Issue 1, 2018. February-March



Residents of Tbilisi have been hammering for reform of the city's transportation system for years. Over the past several months, finally it appears that Tbilisi City Hall is listening -- and acting. Despite urban planning mistakes made in the past, the municipality has repeatedly stated that Tbilisi's infrastructure issues are a top priority.

Inge Snip

The opening of a 1 km bicycle path on Pekini Street in September 2017 was met with both applause and derision on social media in Georgia: the bike path--promoted as a sign of progress in the fight against congested roads--lacked any safe access ramps for bicyclists to use the path.

Other decisions taken over the past year--including building a bridge over a recently discovered ancient city wall and increasing the number of parking places in green zones--have served to underscore the gap between the city planners' vision and the demands of activists.

There are small signs of change, however, including newly elected Tbilisi Mayor Kakha Kaladze's pledges to radically improve the transportation and urban development situation in the city.

"He [the new mayor] inherited an absolutely dire situation from his predecessor, and the challenges that Tbilisi faces at this stage of its development are going to be huge," says Joseph Alexander Smith, a journalist and the first Briton to run for the municipal elections in October 2017, about Mayor Kakha Kaladze.

Two of Smith's pressing campaign issues were urban infrastructure and road safety. But Smith tells he is slightly hopeful the city is at the start of "a radically different period for the urban governance of Tbilisi."

New initiatives

In the past few months, the new mayor has announced several different new measures to improve the city's urban infrastructure. These include time restrictions for delivery vans to deliver goods; a formal registration and a permit system for taxi drivers; allocating 40 million lari for the metro system; and promising to alleviate Tbilisi's traffic problems.

But change is not just occurring on the municipal level. The technical inspection of cars, a major policy issue, is scheduled to start in 2018.

The mandatory vehicle inspections will test the "road worthiness of vehicles before they are allowed to drive on roads" reports. Initially, the inspection is mandatory for buses, cargo, government cars, company cars, and cars bigger with a larger than 3000 cubic cm engine size. Starting January 2019, all private cars will be included in the inspections as well.

Gela Kvashilava, UNECE Lead National Consultant and elected member of the board of directors of the Global Alliance of NGOs for Road safety, says the inspections are a major step in the right direction.

"There used to be a system, but it was extremely open to corruption," Kvashilava explains to The new system of inspections will cost the owners 60 lari for private cars and 100 lari for heavy vehicles, which can only be paid through Payboxes; no cash exchanges hands during the inspections.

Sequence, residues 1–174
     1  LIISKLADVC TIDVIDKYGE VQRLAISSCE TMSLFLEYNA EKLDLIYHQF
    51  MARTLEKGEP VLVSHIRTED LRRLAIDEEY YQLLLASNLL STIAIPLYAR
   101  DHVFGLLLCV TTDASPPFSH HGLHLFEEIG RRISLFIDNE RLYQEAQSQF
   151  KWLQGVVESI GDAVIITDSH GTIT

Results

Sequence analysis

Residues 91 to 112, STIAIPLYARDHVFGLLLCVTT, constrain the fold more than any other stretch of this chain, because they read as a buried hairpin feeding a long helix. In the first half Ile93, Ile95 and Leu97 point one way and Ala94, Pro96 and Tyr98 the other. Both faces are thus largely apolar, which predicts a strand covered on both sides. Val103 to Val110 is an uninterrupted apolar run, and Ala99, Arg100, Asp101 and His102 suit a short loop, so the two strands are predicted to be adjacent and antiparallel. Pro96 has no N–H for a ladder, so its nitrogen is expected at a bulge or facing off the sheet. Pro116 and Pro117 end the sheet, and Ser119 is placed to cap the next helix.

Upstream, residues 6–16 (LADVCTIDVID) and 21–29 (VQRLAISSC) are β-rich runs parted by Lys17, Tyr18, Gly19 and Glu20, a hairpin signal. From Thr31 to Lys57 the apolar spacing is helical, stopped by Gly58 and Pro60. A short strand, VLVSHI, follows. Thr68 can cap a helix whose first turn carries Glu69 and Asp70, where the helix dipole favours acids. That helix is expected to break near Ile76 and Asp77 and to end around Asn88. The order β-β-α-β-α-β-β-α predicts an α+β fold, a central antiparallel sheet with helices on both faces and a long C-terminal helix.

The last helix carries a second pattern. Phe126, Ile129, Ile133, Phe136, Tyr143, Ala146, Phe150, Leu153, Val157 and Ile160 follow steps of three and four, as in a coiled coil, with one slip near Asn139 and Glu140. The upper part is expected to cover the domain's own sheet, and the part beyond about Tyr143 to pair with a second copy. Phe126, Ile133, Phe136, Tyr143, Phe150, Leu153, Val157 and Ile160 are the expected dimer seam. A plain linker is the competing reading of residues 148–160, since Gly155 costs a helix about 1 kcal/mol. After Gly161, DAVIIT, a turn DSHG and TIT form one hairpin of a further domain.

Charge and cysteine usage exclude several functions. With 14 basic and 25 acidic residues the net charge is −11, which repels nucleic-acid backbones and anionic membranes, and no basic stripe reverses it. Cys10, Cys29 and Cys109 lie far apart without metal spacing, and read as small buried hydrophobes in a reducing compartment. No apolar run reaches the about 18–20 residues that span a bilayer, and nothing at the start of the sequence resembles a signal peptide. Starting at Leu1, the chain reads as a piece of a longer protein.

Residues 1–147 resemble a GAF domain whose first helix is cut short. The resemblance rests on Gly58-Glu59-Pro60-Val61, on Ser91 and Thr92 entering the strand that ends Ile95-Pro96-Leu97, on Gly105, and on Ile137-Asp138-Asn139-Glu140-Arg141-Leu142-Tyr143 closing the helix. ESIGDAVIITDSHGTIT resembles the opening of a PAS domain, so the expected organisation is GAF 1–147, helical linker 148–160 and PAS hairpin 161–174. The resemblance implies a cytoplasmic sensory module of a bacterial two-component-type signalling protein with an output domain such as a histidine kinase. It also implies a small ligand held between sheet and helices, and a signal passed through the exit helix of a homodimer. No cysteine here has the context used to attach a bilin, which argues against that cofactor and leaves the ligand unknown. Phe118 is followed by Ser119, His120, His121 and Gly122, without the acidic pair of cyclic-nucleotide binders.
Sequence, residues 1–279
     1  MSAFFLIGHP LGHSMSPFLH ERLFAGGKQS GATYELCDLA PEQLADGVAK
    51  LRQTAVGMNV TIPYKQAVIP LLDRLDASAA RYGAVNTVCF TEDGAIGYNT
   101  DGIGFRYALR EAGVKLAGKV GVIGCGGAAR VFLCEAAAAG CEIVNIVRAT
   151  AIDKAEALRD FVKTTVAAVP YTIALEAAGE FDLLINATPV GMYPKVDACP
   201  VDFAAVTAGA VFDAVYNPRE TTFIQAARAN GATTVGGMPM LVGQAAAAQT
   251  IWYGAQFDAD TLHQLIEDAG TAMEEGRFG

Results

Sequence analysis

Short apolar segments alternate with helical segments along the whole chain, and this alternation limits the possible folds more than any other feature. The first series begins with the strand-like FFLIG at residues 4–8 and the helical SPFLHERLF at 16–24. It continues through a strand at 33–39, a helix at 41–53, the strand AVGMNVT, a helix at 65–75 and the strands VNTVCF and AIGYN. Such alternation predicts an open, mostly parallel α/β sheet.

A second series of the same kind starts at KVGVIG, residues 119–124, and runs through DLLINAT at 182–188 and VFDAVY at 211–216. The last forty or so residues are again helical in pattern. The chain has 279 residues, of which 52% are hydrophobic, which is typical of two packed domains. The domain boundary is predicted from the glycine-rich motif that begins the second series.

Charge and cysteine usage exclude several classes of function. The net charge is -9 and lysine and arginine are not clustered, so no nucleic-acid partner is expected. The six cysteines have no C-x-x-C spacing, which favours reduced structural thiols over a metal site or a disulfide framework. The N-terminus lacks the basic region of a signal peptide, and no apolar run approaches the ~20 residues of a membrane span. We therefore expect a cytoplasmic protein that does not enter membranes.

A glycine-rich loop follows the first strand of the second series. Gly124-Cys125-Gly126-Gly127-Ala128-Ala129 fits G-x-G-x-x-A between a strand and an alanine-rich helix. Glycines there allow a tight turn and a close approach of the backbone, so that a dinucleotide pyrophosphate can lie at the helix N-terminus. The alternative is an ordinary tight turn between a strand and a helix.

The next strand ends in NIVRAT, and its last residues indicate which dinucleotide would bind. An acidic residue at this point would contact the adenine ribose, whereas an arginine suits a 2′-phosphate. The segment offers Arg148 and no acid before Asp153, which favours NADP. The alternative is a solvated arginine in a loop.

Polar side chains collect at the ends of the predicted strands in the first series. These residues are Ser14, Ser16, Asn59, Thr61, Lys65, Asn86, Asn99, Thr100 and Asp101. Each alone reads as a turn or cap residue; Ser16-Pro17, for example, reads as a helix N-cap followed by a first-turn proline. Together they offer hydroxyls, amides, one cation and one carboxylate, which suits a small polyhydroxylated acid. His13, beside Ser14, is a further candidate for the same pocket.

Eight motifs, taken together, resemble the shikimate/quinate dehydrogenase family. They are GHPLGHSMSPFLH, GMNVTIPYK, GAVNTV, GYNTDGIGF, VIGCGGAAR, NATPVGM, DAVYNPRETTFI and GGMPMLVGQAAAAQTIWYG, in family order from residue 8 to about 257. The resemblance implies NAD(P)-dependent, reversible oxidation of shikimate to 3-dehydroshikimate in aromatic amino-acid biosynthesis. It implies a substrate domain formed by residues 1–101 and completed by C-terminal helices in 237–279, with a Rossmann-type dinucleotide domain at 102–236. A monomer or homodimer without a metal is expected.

In addition, all inspections are recorded on video, and there is no direct contact possible between the service personnel and the owner, decreasing corruption risks significantly, Kvashilava says.

And, if you do not fix your car as indicated, fines start at 50 lari--increasing exponentially, with traffic police able to check whether you have checked your car and whether you have complied.

Other road safety measures implemented in 2017, such as a driving license point system and speed cameras, have also led to an increasingly safer road system. "On the 1st of November, they included a new mass camera system, which has already resulted in a 10 percent decrease in car crashes, and that is huge," Kvashilava explains, stressing that the system needs to be maintained and improved regularly for it to be effective.

Important changes at City Hall

Giorgi Kankia, a member of the board of the pedestrian rights organization Iare Pekhit and an urban planner, is also optimistic about the future of Tbilisi's urban transportation, saying that City Hall's transport department is undergoing an important structural change, giving "the department more ownership on research-based urban transport policy and planning in the city."

One of the changes was signified by the municipality's disagreement with the City Institute over the central railway station, demonstrating that the local authorities have realized the importance of the already-existing railway infrastructure as a pillar for a future multimodal transport system in Tbilisi.

One major issue still exists, however.

Kankia says that "the fictional idea of 'more roads equal less traffic jams' is still very much alive," pointing to plans for a new road flyover project that were announced in January.

Smith tells that, despite his optimism, the municipality should make a decision about how to approach the issues at hand.

"We hear on the one hand that the number of cars must be reduced, and yet there are also plans for a new flyover in the Vere River Valley--so which one is it going to be?" he asks.

While Kvashilava believes that, despite the municipality's understanding and willingness to tackle the urban transport problems, there are basic things --like the need for access between transportation lines and cycling or walking paths --that are not fully understood yet.

"There is no problem with money; rather, [the problem is] how it is spent," Kvashilava says.